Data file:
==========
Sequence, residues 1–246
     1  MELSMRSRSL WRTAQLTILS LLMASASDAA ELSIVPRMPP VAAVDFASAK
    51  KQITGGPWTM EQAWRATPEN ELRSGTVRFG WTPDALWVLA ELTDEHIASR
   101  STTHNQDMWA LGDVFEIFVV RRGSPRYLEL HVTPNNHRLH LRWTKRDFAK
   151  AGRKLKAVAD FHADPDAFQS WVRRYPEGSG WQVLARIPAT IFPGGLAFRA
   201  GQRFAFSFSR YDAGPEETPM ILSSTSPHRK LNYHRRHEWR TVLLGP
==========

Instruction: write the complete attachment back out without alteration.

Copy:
Sequence, residues 1–246
     1  MELSMRSRSL WRTAQLTILS LLMASASDAA ELSIVPRMPP VAAVDFASAK
    51  KQITGGPWTM EQAWRATPEN ELRSGTVRFG WTPDALWVLA ELTDEHIASR
   101  STTHNQDMWA LGDVFEIFVV RRGSPRYLEL HVTPNNHRLH LRWTKRDFAK
   151  AGRKLKAVAD FHADPDAFQS WVRRYPEGSG WQVLARIPAT IFPGGLAFRA
   201  GQRFAFSFSR YDAGPEETPM ILSSTSPHRK LNYHRRHEWR TVLLGP